Arkansas Senator Says Parole Problems May Be Part of Atmosphere of Complicity

Jul 24, 2013

Republican Senator David Sanders of Little Rock holding up an April 2007 memo authorizing a temporary plan to discharge certain parolees.
Credit Jacob Kauffman / KUAR


State lawmakers are considering ways to fix troubling trends with Arkansas’ parole system. The joint Judiciary Committee met Wednesday looking at why repeat offender rates are high, near the 70-percent mark.

Some legislators were particularly concerned with a policy directive from 2007 authorizing the discharge of those who failed to report to their parole officer if their original discharge date had passed.

Critics say it allows parolees to hide out and be set free if they hid long enough. The policy, sent in a memo, was meant to be a temporary 60 day plan to clear backlogged files that included the dead.

Republican Senator Eddie Joe Williams of Cabot said the conscious choice to continue the policy presents a concern over the prevailing atmosphere at state agencies.

"It concerns me that we consciously did that for years. Still, I'm more interested in what we're going to do to move forward. But I just want to make sure that type of atmosphere, that frame of mind has got to be...  is it public?  Is it safety? Number one for the public and if it's not then we're not going to do it. That continues to concern me," said Williams.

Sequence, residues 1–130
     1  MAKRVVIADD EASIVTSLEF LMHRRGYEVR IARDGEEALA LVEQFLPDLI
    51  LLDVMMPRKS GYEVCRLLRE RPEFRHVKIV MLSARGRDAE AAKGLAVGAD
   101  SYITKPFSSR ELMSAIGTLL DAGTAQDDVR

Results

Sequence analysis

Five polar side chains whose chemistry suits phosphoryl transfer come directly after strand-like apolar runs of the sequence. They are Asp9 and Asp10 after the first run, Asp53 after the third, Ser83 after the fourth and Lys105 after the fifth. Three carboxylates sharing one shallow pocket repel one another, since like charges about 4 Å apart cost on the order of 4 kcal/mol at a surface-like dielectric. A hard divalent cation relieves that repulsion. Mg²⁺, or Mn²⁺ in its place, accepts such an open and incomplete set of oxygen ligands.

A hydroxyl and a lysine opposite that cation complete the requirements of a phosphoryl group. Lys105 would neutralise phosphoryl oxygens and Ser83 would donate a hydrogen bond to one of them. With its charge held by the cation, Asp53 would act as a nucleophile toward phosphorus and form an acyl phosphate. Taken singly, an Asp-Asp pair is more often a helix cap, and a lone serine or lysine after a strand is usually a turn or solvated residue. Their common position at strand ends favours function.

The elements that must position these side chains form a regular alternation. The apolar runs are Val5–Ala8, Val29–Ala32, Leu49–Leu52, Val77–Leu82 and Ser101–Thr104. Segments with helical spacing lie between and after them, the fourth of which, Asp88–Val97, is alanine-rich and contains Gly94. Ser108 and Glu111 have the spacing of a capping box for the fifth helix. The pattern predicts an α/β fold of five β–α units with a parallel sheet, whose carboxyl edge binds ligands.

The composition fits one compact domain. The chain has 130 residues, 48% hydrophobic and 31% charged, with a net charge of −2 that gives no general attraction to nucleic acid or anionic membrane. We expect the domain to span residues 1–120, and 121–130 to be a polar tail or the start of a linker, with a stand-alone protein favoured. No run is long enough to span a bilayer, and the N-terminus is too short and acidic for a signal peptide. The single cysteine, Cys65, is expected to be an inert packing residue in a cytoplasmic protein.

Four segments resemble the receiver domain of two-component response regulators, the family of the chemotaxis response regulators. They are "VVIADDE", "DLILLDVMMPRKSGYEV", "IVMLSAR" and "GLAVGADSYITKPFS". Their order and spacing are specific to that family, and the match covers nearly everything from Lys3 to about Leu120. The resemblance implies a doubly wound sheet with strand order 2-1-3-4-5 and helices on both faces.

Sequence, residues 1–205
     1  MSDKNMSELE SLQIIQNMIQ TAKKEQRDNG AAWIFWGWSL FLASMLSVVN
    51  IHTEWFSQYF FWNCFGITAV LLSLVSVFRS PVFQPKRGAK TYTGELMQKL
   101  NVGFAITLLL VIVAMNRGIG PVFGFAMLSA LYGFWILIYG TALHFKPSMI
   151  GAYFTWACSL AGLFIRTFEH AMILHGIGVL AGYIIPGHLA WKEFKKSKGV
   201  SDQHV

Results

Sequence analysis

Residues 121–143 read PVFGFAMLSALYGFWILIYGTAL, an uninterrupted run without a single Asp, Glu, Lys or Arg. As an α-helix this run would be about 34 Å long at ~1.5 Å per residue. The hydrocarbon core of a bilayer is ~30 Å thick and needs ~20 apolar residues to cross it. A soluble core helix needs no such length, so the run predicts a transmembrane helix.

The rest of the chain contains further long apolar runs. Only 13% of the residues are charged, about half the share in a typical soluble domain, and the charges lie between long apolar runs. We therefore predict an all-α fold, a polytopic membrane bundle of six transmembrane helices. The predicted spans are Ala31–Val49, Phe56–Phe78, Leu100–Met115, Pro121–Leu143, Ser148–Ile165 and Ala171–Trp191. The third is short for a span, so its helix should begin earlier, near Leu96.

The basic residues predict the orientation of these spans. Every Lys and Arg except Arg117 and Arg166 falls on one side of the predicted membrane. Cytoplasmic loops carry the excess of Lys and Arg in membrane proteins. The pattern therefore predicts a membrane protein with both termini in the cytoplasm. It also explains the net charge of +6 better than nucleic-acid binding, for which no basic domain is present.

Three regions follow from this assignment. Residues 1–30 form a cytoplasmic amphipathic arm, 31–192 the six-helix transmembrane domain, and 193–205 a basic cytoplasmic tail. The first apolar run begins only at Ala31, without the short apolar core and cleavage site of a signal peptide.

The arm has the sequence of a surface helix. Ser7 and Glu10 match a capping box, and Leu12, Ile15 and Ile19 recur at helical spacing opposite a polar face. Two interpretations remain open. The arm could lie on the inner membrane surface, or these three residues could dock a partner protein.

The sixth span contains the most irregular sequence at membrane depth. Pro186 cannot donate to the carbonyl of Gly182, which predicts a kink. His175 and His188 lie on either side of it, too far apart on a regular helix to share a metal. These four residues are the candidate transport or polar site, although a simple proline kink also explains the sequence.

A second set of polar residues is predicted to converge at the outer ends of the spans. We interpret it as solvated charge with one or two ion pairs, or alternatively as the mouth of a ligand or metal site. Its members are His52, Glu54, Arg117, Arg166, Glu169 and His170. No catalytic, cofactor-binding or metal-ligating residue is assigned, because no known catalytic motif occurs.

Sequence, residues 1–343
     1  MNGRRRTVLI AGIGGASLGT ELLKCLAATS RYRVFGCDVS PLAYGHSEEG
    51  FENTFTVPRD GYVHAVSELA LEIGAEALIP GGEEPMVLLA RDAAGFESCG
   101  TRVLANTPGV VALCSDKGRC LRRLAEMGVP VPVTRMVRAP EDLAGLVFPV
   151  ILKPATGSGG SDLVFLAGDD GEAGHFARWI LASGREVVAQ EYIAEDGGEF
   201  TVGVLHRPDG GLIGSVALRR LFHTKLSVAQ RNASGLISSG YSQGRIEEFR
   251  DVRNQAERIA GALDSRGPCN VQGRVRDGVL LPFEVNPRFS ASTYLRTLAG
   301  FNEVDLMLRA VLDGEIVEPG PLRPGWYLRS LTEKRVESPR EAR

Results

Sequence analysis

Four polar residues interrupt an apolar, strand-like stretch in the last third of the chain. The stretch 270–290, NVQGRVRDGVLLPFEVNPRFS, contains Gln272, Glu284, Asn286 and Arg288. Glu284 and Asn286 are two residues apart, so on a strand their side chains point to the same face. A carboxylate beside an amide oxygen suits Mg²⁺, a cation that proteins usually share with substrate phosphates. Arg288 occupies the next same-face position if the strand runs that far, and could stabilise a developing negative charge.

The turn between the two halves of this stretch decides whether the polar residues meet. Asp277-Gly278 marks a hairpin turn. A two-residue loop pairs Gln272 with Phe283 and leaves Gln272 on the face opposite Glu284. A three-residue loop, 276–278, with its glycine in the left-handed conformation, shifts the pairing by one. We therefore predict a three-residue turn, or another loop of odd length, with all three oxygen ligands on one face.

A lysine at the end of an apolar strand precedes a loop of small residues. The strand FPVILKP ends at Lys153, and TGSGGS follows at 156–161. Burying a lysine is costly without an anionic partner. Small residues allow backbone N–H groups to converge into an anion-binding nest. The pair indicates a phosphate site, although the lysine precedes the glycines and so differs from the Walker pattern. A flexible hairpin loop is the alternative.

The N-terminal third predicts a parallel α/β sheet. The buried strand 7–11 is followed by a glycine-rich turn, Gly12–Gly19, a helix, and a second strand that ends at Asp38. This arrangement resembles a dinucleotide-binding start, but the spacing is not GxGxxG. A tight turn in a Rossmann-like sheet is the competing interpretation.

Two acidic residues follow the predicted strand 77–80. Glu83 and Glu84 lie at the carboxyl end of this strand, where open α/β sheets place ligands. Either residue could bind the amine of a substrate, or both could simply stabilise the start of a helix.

Deputy Director of Parole Dan Roberts said he wasn’t aware of the memo, though Senator David Sanders said a copy was sent to Roberts. 

"I can assure you that particular memo and the policy state wide will be changed and has been changed, unofficially already. But I will make sure that it's reinforced, that it is changed," said Roberts.

The hearing also took testimony from Little Rock Mayor Mark Stodola who called for more technological solutions and suggesting risk assessments should be changed to treat non-violent career criminals as violent offenders which would decrease the likelihood of parole.

Democratic Senator Stephanie Flowers of Pine Bluff argued that providing mental health and job assistance to parolees would decrease the rate of repeat offenders and do more to benefit the community as a whole.